Its flower fill of color the forests of South Africa
Erythrina caffra flowers of an intense and bright orange-red. Its successfull scientific name defines it to perfection: Erythrina from the greek erythros meaning red and caffra which is the Latin name of the Kaffirs region of Africa where it is native, ie South Africa.
South Africa’s beautiful coral tree in full bloom in early May photographed in the Elche city of Alicante province (Spain). The flowers open before the leaves, which further enhances the beauty of flowering. This tree can reach 12 feet in cultivation and up to 20 meters in its natural habitat. The most spectacular examples are found in the Alexandria Forest that is part of the Addo Elephant National Park in the Cape Region. Its branches are protected by spines short and thick. The leaves are trifoliate and have no spines on the rachis and petiole. The wood is brittle and lightweight, so should plant it in a place sheltered from strong winds.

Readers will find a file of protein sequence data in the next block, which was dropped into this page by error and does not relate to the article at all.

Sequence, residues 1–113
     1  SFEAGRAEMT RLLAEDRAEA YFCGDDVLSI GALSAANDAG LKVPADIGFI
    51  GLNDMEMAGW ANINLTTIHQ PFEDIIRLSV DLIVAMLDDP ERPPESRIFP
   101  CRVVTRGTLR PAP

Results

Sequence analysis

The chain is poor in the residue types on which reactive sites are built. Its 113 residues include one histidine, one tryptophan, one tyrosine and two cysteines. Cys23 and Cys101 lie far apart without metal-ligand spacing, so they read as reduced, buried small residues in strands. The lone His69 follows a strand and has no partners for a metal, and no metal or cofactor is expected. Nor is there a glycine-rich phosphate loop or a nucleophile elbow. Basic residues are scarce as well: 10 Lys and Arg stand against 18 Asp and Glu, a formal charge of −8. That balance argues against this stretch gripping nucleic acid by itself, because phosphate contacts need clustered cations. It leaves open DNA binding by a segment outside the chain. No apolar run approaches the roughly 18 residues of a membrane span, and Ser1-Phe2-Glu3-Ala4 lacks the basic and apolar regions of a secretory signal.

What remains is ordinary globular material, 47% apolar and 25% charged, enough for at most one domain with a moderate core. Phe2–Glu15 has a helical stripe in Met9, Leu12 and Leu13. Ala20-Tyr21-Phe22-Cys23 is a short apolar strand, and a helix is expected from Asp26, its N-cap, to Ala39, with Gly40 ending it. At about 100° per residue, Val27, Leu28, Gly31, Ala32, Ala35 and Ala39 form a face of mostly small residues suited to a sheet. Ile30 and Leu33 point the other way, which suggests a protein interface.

Erythrina caffra spectacular inflorescences that seem to fire flares. The flowers produce no perfume. Pollinators,
mainly birds, are attracted by the striking red color of the petals and
the nectar reward of nourishing the flowers produced in abundance. Each
flower contains up to 10 drops of nectar (about 1 cc.) And each cluster
consists of about 80 flowers, which secrete therefore about 800 drops
of nectar (about 80 cc.). Considering
that in the crown of a mature tree can have up to 2000 inflorescences,
ie up to 160,000 flowers, the total calculation gives us a production of
1,600,000 = 160,000 cc drops. = 160 gallons of nectar per tree. The Erythrina caffra effort to ensure the next generation is truly titanic.
It has been demonstrated pollination of the flowers of this legume species by the starlings Onychocnathus morio, the nightingales of the genus Pycnonotus sp., the yellow weavers of Ploceus subaureus species, the sunbirds of genus Nectarinia sp., the birds of the genus Orioles sp., and many other birds in the middle of spring can be seen in